“You measure the size of the accomplishment by the obstacles you had to overcome to reach your goals!” —Booker T. Washington.
This quote couldn’t be more appropriate for setting up today’s guest. Our spotlight is on someone who is a GED recipient, has been awarded multiple scholarships and accolades, has worked in the medical field, is currently married to an awesome man, and runs a popular local business. Now, you might be thinking to yourself, “well, those things are nice, but they’re not necessarily Earth-shattering achievements.” To that, I (Anthony Crosby) would encourage you to reread Mr. Washington’s quote. As you’ll soon read, relative to the size of the obstacles our guest had to overcome to achieve them, I would say those goals are quite impressive, indeed.
This week, we’re joined by April Harwart of Nevada I.T. a business which she runs alongside her husband, Donald. We will be talking more about Nevada I.T. in the next AAT article; however, today, we will hear April’s story up until the point when she met and married Donald and started the business. I decided to structure April’s features this way because I believe her powerful, emotional story is something that can encourage many in our community and should not be rushed.
April, thank you for joining us this week; please take us through all you had to endure to get where you are today.
“My earliest memory is of me waking up next to my baby brother, and he was blue. My pillow had fallen off the couch, and I thought I had killed him. My mom had just had a hysterectomy, so she was breastfeeding with narcotics in her system. They did take her in for questioning, after that, so I was taken into social services; however, they determined that he actually died from SIDS. I remember thinking for the longest time that I had killed my brother.”
“I also had an older sister with cancer; she had a Wilms tumor. My dad lost his business because of having to deal with all of it; he was a carpet layer. Both of my parents ended up using drugs after that, so there was much abuse for many years.”
“After a while, my parents split up. I went with my mom and one of my other brothers; we were homeless while my mom was still using hard drugs. When I was about thirteen or fourteen, I chose to find my sister. She was a year older than me; she had left with an older man and got married. I hitchhiked to Reno (where she lived) to look for her. For a while, I was homeless, sleeping behind dumpsters, but I finally found her.”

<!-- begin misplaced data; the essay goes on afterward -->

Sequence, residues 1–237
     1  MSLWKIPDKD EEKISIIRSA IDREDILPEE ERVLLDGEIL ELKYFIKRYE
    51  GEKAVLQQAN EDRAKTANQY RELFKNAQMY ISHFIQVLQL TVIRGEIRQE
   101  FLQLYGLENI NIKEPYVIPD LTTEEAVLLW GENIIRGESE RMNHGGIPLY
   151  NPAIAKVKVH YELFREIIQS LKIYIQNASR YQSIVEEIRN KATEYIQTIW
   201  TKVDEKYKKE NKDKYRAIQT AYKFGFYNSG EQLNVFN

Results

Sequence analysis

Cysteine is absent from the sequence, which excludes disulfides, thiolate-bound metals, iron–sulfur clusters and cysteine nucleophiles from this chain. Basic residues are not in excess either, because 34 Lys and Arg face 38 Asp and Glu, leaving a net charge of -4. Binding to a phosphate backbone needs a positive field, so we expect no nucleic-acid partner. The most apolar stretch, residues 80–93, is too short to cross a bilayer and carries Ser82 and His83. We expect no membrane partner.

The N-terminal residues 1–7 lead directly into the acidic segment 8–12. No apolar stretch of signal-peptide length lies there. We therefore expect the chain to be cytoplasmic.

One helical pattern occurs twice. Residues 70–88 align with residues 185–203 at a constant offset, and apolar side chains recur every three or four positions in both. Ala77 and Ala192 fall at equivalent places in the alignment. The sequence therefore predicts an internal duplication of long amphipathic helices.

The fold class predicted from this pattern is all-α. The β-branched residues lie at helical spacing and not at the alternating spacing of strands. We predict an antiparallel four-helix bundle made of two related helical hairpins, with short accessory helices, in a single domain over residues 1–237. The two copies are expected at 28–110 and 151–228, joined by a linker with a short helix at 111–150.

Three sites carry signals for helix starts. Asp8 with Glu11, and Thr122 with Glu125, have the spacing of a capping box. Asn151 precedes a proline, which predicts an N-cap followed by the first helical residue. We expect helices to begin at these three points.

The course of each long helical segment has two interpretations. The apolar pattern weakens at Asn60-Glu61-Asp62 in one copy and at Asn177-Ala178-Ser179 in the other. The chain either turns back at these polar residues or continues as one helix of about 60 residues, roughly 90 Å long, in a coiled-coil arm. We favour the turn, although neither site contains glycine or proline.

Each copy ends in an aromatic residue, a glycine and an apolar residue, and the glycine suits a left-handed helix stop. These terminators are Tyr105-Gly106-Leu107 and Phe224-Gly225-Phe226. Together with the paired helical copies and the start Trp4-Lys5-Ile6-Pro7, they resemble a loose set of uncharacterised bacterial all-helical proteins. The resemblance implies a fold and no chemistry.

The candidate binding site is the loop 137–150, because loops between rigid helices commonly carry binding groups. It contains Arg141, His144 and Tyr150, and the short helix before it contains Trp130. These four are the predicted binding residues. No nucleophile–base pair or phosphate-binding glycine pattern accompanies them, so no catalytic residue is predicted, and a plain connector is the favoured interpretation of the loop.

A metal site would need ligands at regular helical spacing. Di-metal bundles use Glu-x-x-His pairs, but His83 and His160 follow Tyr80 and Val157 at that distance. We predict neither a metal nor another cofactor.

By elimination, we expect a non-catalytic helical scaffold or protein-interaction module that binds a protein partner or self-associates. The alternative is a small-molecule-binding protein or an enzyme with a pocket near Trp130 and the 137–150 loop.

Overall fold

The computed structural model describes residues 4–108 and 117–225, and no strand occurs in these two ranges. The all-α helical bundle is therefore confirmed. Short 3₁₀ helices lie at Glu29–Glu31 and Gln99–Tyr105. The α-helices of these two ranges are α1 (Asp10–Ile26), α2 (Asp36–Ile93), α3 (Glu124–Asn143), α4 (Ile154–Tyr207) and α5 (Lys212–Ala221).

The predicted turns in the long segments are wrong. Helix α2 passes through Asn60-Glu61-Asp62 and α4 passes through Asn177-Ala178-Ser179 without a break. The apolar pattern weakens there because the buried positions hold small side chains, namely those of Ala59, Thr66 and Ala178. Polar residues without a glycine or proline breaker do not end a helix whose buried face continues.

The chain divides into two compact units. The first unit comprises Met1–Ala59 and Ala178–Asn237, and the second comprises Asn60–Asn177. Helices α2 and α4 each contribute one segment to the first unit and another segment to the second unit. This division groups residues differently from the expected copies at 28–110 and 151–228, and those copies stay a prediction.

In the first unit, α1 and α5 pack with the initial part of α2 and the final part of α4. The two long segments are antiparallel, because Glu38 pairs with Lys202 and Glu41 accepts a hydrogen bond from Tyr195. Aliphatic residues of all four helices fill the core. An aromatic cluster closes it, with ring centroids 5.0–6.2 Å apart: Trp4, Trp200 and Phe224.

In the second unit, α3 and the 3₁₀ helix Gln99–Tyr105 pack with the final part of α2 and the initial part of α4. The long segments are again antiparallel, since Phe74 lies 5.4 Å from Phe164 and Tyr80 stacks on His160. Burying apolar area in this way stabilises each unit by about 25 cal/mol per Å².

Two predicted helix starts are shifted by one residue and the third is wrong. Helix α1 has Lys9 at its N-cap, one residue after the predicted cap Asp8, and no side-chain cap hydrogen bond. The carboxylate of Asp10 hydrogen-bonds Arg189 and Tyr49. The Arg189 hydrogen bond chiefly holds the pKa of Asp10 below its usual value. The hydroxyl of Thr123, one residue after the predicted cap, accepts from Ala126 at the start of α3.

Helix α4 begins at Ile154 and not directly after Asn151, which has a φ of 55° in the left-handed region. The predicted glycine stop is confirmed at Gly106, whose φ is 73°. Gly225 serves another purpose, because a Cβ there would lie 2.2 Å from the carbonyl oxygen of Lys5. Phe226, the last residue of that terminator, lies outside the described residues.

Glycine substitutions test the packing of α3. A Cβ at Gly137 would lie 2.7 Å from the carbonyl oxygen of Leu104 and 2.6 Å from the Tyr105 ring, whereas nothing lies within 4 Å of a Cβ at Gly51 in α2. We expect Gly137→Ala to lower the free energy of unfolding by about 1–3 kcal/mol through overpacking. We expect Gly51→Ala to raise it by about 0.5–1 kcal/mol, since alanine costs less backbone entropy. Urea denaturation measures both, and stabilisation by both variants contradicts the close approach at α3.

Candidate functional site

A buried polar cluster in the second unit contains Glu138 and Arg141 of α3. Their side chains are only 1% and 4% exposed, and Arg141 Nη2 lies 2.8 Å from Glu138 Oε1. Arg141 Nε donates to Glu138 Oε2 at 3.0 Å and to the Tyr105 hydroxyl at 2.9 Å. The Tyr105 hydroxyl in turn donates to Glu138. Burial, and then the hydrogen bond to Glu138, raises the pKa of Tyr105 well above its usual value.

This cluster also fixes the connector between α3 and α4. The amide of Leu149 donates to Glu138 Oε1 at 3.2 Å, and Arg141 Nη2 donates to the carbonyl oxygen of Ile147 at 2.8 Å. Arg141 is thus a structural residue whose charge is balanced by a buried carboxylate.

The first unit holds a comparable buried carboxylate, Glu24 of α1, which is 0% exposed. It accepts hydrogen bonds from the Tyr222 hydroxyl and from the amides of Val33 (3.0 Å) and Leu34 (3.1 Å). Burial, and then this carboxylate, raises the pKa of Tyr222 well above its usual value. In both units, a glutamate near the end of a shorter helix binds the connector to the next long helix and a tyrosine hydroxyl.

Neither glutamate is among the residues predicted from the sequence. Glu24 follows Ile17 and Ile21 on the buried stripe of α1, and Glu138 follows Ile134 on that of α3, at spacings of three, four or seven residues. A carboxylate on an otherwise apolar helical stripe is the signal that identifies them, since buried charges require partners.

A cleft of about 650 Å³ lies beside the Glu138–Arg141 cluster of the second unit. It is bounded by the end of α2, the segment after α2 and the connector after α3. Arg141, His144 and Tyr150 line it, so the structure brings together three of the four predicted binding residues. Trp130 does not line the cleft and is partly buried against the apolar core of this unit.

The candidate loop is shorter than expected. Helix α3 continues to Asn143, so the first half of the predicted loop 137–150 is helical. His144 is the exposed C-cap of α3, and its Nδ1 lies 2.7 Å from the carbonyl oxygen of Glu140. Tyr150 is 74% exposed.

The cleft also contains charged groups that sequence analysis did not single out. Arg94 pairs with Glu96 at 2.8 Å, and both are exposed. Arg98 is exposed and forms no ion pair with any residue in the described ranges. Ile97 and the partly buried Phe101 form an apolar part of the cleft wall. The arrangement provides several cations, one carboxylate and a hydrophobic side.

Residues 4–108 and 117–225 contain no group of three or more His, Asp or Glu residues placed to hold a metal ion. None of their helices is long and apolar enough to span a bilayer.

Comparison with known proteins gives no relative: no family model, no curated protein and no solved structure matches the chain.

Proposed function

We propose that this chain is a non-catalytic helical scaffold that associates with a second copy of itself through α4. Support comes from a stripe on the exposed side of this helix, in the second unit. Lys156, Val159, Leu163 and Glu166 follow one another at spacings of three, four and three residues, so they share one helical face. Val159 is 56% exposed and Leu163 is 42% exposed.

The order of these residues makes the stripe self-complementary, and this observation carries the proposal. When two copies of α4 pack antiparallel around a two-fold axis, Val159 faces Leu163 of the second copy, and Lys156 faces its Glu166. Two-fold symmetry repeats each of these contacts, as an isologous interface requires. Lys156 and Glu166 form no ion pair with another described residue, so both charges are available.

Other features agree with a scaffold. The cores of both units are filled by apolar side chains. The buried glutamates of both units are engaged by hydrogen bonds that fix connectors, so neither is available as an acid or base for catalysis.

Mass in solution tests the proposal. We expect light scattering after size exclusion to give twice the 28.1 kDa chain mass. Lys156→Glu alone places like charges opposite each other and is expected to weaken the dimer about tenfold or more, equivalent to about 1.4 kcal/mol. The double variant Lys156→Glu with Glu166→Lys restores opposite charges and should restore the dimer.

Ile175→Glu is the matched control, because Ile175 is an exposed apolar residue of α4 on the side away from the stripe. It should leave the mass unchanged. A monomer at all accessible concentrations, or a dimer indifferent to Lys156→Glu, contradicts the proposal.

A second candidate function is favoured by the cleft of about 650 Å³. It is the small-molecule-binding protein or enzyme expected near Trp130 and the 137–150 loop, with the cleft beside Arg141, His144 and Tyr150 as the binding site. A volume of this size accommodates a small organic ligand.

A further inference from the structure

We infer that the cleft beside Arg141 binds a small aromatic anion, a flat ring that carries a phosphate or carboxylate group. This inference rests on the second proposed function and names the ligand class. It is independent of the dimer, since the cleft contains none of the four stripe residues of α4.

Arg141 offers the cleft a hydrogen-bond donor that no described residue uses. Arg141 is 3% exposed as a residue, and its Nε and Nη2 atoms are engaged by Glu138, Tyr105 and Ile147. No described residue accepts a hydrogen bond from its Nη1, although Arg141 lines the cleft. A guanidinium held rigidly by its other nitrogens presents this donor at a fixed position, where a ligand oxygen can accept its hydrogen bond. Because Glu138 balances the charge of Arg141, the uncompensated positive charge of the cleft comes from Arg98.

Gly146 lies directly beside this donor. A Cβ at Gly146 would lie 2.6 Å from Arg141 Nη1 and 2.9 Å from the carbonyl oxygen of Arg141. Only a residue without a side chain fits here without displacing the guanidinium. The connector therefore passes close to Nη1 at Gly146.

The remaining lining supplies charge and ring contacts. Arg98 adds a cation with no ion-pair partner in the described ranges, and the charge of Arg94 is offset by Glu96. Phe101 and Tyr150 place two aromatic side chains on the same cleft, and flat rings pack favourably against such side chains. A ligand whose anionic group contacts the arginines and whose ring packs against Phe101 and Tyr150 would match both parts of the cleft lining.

“My brother’s friend had an older brother; I met him, and I got pregnant with my son when I was fifteen. I went into Reno High School and told the principal that I was pregnant. He told me to get off the property because there were “places for people like me.” I never got to go to high school.”
“I got a job at The Riverboat Hotel and Casino in Reno. I would walk to work and make just enough to pay rent and have forty dollars for groceries afterward. I’d buy food for my son, and sometimes I wouldn’t eat, all while my ex was out doing drugs. I left him after my daughter was born because his abuse kept getting worse and worse.”
“I started working at a Wal-Mart in the tire and lube department. That’s where I met my second husband. I then got pregnant with my second and third daughters. He was a good man, in the beginning, but he lost his job and started using and cooking drugs; I chose not to do any of that. However, I stood by him for a while, but he was eventually sent to prison. I was now a single mom, with four kids, digging through dumpsters to feed them.”
“I worked really hard to get us into housing, and I started going back to school as I had always wanted to do. I wanted that GED! I went to TMCC (Truckee Meadows Community College) to take my tests. I passed my GED test, but I never got my certificate. I eventually found out that it was because I was on a protected list from dealing with my ex-husband being sent to prison. I went down to the office and told them I wanted that piece of paper; I worked too hard and had been through too much not to have it! The dean of students came down with several secretaries, and they all started clapping for me; I had gotten a perfect score! My entire life I was told that I was stupid and wasn’t good enough, so to get a perfect score blew my mind! I proved to myself that I was good enough.”
“I started working in nursing and then got into a radiology program. I was the fastest to get in the program, and I graduated with honors; nobody else in my program graduated with honors, or even had kids for that matter!”
We will continue April’s story in the next publication of AAT where we’ll see what happened after April graduated from the radiology program, how she met her husband, and how they came to start their technology business.
After reflecting on everything you just shared, is there anything you would like to say to our readers, April? What do you want our community to know after learning your testimony?
“I have struggled with PTSD all of my life as a result of all the trauma I have experienced. Going to college, working hard, and seeking out supportive professional resources have been a real sense of therapy for me, and God has pulled me through. My depression and self-doubt didn’t stop me, but I had to prove myself wrong in many ways. This is why I want to do everything I can to help people in our community, not to make a bunch of money from it, but because I have been where many of them are. Some people think if you have a mental illness or a traumatic past that you’re broken or that there’s something wrong with you, but that’s the furthest from the truth. People are not trash; you don’t just throw them away.”
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See you around, Elko!